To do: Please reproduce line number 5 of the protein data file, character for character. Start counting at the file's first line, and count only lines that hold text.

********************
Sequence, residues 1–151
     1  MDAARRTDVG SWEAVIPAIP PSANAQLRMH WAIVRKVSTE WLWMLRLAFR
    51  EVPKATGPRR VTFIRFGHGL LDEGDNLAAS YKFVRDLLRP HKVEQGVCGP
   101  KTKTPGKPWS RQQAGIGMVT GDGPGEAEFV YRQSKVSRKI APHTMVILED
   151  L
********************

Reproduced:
   151  L